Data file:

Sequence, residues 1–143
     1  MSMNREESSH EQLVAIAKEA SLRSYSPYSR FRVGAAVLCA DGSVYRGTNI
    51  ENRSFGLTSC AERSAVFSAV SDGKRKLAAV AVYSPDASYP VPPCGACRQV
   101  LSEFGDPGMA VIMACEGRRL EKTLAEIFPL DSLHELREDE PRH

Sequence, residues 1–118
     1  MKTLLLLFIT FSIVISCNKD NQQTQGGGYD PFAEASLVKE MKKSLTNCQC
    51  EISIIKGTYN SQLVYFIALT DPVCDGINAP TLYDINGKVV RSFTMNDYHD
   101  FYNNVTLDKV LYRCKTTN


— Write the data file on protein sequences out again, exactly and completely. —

Sequence, residues 1–143
     1  MSMNREESSH EQLVAIAKEA SLRSYSPYSR FRVGAAVLCA DGSVYRGTNI
    51  ENRSFGLTSC AERSAVFSAV SDGKRKLAAV AVYSPDASYP VPPCGACRQV
   101  LSEFGDPGMA VIMACEGRRL EKTLAEIFPL DSLHELREDE PRH

Sequence, residues 1–118
     1  MKTLLLLFIT FSIVISCNKD NQQTQGGGYD PFAEASLVKE MKKSLTNCQC
    51  EISIIKGTYN SQLVYFIALT DPVCDGINAP TLYDINGKVV RSFTMNDYHD
   101  FYNNVTLDKV LYRCKTTN